(AP/Rick Bowmer)

Not all unemployment rates are created equal

Statistics show that when unemployment is up, minorities and the undereducated are hit especially hard


Jared Bernstein
February 9, 2013 1:50AM (UTC)
This originally appeared on Jared Bernstein's blog, On the Economy.

The recent CBO report projects real GDP growth to be a measly 1.4% this year, down from a rate closer to 3%, they claim, were it not for all the fiscal cuts baked in the 2013 cake:

CBO estimates that economic growth in 2013 would be roughly 1½ percentage points faster than the agency now projects [i.e., 1.4%] if not for the fiscal tightening.

By Okun’s rule, this suggests unemployment will stick at about 8% this year — about where it is — instead of a number a lot closer to 7%. (Okun’s rule turns that 1.5% faster GDP growth into about 0.75 of a percentage point [ppt] lower unemployment.) In fact, the CBO predicts that the unemployment rate this year will move from all of 7.9% in the first half of the year to 8% in the second half. Thanks, dudes.

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Actually, we should thank them for the warning — and even R’s are sounding Keynesian (OK, military Keynesianism, but still …) right now.

The point I want to make here is that everybody’s unemployment rate ain’t created equal. If you look at the correlation between the overall jobless rate and that of various subgroups, you’ll find that an increase of three-quarters of a point translates into a much larger increase for minorities or those with lower levels of education, and a lesser increase for say, college-educated workers.

The figure below provides a rough idea. For Latino or African-American job seekers, a 0.75 ppt increase translates into a 1-1.1 ppt increase; for high-school dropouts, it could mean a 1.2 ppt increase. For college-educated workers, on the other hand, their rate would be expected to go up by about half as much.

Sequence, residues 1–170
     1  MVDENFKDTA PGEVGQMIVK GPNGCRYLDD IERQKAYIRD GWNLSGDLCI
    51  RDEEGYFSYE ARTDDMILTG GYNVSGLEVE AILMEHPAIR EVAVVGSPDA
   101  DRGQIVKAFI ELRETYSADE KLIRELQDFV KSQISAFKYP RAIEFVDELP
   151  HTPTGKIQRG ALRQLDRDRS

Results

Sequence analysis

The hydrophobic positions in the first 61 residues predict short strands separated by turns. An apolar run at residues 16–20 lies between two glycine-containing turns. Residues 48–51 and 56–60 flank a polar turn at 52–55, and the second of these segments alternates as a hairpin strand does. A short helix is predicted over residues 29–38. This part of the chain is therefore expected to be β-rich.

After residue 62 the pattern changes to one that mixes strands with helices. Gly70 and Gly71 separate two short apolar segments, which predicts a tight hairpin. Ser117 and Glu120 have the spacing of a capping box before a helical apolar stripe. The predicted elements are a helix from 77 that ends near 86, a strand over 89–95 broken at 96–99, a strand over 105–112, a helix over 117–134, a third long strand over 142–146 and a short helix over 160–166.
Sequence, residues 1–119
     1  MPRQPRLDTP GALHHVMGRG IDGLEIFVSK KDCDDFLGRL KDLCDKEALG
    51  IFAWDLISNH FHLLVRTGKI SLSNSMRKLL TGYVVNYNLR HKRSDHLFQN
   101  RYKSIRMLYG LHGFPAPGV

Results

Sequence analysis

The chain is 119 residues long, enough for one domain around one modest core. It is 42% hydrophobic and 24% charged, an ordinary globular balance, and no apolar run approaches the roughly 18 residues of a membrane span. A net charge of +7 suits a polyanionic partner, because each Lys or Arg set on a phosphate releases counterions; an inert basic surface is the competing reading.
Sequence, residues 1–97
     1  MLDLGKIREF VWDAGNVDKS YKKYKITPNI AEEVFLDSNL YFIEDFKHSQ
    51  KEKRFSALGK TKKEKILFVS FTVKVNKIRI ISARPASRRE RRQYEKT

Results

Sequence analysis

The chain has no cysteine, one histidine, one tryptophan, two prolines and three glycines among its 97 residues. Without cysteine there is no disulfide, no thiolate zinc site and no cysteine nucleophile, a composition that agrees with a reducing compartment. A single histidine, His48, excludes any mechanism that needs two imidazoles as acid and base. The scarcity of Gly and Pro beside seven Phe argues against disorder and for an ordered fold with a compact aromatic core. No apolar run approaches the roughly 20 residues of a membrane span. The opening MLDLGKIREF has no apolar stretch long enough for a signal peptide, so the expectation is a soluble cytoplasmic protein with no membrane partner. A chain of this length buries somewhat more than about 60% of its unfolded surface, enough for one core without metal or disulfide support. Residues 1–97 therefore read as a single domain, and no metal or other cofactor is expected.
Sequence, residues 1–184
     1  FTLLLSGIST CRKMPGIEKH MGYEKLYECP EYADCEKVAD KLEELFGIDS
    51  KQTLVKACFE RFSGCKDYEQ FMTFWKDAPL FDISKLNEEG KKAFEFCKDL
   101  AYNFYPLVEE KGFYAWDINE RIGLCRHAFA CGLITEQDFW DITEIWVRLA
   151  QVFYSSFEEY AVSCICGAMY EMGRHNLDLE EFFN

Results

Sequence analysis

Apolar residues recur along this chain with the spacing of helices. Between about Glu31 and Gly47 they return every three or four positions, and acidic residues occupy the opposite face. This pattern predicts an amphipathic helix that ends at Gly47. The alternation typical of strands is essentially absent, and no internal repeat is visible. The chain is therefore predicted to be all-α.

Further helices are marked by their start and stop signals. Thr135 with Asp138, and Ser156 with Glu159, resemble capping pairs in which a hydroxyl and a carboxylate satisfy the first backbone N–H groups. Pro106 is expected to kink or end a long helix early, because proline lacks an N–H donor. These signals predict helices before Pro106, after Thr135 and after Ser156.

Source: BLS, my calculations

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You could carry the calculation another important step forward and estimate the real wage losses associated with these unemployment rate increases. I’m working with some colleagues on this and will have some info soon, but back-of-the-envelope, for a low-wage worker facing the kinds of increases in the higher bars in the figure, we’re probably talking about a 1% real loss in their hourly pay.

So, we’re talking real losses for real folks who really can’t afford it. And for what? I’ve yet to hear anything approaching a compelling explanation as to why our political class should be whacking away at our already weak economy. Like I said, I’m past the point of asking these folks to help improve things, but I guess I’m still crazy enough to ask them to not make them worse.


Jared Bernstein

Jared Bernstein joined the Center on Budget and Policy Priorities in May 2011 as a Senior Fellow. From 2009 to 2011, Bernstein was the Chief Economist and Economic Adviser to Vice President Joe Biden. Follow his work via Twitter at @econjared and @centeronbudget.

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Related Topics ------------------------------------------

Economics Jared Bernstein Unemployment Unemployment Rate

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